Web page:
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The journey overview

In the video, we introduce you to Steve Rogers, who is an Enterprise Cloud and Infrastructure Architect at Coventry University.
Welcome everybody my name is Steven Rogers I’m the enterprise cloud and infrastructure architect for Coventry University IT services and today I’m just going to give you a bit of information about the past, present and future of network defence management in the university and generally. And I’m just gonna do a bit of a timeline go back about a decade 2009 to 2019 and then just show you how the technology’s changed. So I will start with a timeline and we’ll go back to 2009 and back then we used to deploy applications on what we called a one-to-one ratio so we used to have to buy a physical server platform and we would install one of those into our data centres.
Very expensive systems and we would have a ratio of one to one. So what that means is we used to put the application on that particular server and it was used for nothing else. It was… in a lot of the cases the resource wasn’t used to the maximum, you know it was under-utilised, but it used to have to sit there running that particular role all of the time. So that happened quite a lot. We got to a point where data centers would have probably hundreds and hundreds of these physical servers just running web applications, databases, file servers, those sort of things. But as the technology begin to evolve we introduced virtualisation technology in around 2012.
What this enabled us to do is we could buy larger servers and install a piece of software on top of those servers which allowed us to get more out of that hardware so it used to be able to extract that through virtualisation and we could put many apps on those servers. We used to get a ratio of around 12 applications to one of those servers. So as you can see a lot of this physical environment started to reduce. Where we had hundreds before they started to become less, rooms needed, the floor space we used to take up on campus, it all got reduced. But we didn’t stop there, we continued to modernise, the virtualisation technology got better.
This took us in to around 2015 and these servers got even larger and today we’re looking at a ratio of 80 to one. So where we have hundreds of applications and we support all areas of the university, you know these applications can come from everywhere research, they’re core business platforms, you know, it doesn’t really matter anymore because we’re having this such a high ratio of platforms. But, again we’re moving into a more modern world. So, where we are today is we link the University data centres to what you may have heard of as the cloud. Now this has a dedicated connection across to the cloud and we begin to deploy our services in both locations.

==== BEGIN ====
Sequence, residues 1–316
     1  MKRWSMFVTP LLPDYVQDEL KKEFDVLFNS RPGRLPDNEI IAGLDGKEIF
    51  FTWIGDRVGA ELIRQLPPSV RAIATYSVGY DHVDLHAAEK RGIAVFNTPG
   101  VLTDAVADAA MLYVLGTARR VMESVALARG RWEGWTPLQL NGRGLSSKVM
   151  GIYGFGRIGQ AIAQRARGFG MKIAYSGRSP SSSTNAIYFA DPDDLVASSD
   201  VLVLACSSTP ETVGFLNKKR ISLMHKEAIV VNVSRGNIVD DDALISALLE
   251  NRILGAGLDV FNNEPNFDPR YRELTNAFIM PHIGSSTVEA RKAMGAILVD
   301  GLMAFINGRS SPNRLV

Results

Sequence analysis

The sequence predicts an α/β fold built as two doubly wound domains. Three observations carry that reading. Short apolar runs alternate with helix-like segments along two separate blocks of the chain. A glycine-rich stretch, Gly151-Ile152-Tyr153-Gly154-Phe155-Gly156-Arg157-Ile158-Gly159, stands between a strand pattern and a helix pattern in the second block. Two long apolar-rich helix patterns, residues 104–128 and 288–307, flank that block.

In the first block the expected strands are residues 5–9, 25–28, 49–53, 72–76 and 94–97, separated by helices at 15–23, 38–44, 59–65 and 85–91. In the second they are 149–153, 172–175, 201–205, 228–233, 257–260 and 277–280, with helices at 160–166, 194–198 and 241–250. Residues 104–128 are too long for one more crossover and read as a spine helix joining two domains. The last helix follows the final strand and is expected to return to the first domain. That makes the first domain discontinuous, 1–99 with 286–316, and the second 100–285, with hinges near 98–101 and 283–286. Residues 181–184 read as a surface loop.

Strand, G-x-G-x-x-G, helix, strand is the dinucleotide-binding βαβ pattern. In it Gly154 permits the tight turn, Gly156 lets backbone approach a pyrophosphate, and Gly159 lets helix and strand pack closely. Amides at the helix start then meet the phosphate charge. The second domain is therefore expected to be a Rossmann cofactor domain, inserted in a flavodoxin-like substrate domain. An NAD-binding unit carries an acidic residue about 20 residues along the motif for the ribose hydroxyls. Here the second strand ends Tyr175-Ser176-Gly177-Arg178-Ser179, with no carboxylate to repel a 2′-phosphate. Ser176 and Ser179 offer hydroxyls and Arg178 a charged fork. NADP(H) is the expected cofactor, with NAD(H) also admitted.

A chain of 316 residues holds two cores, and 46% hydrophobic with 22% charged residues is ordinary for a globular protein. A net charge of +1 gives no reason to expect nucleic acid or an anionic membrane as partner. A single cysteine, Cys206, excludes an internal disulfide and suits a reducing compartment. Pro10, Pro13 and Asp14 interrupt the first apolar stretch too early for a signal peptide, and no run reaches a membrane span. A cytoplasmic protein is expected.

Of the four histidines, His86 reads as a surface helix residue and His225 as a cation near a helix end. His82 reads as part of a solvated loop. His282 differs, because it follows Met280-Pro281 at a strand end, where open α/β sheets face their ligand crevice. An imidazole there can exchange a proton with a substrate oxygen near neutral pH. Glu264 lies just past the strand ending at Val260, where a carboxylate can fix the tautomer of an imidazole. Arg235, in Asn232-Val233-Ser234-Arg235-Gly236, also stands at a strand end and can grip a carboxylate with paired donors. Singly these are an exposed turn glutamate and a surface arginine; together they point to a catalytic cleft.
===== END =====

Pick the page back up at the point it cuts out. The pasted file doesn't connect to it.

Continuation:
So we can put a lot on these physical platforms still but we can have a capability where we don’t need this physical environment any more. We can start to use just compute offered by big players in the market such as Microsoft, Amazon.
They have very different clouds: we have Amazon Web Services, we have Microsoft Azure. And we can begin to deploy these computers here so the ratio goes out of the equation, it’s literally just if you want to deploy lots of services, you can have web services over here, you can have file systems, and you don’t actually need any servers to deploy these capabilities in the cloud, it’s all just infrastructure as a service or platform as a service and you will build based on what you actually use. So in terms of how we protect this particular environment. If we go back to 2009 the firewalls that protect the university and any business are at a perimeter level.
So, the firewall that protects us from the internet then has a series of other internal firewalls and then these protect those hosts. Whether or not they exist here or we begin to move them over to the cloud, all these hosts are protected by a variety of access controls. Now what that means is that we only allow certain ports from the internet from trusted sources or some public services that are allowed to connect straight through to these individual server platforms. So, in terms of this timeline we have firewalls that haven’t really changed up until about 2015. But the intelligence started to change in the firewalls too - they started to get what’s known as a next-generation firewall.
And this happened for the University around here, 2017, and what it allows us to do is it brings in modern techniques in protecting this environment so where before we just had basic filtering of rules, ports, access control, we now can do full intrusion protection, we know if somebody’s trying to attack a particular interface. On systems we know the source, the country of origin, and the intelligence, like I was saying, is built directly into these firewalls.

In the video, we introduce you to Steve Rogers, who is an enterprise cloud and infrastructure architect at Coventry University.

Steve puts into context the development of network defence management over the past ten years – and highlights the role of firewalls.

Firewalls are an integral part of all computer network security solutions. Their basic function is to protect the local (trusted) network from an outside (untrusted) network, eg the internet. In doing so, the firewall monitors and analyses all incoming and outgoing traffic and reacts based on a predefined set of rules.

A firewall can be a very effective part of network security and in many cases, it is the first line of defence of a multi-layered approach. It can serve as part of a solution in implementing and enforcing the organisation’s security policy regarding traffic going to and from the internet.

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Introduction to Network Security and Defence

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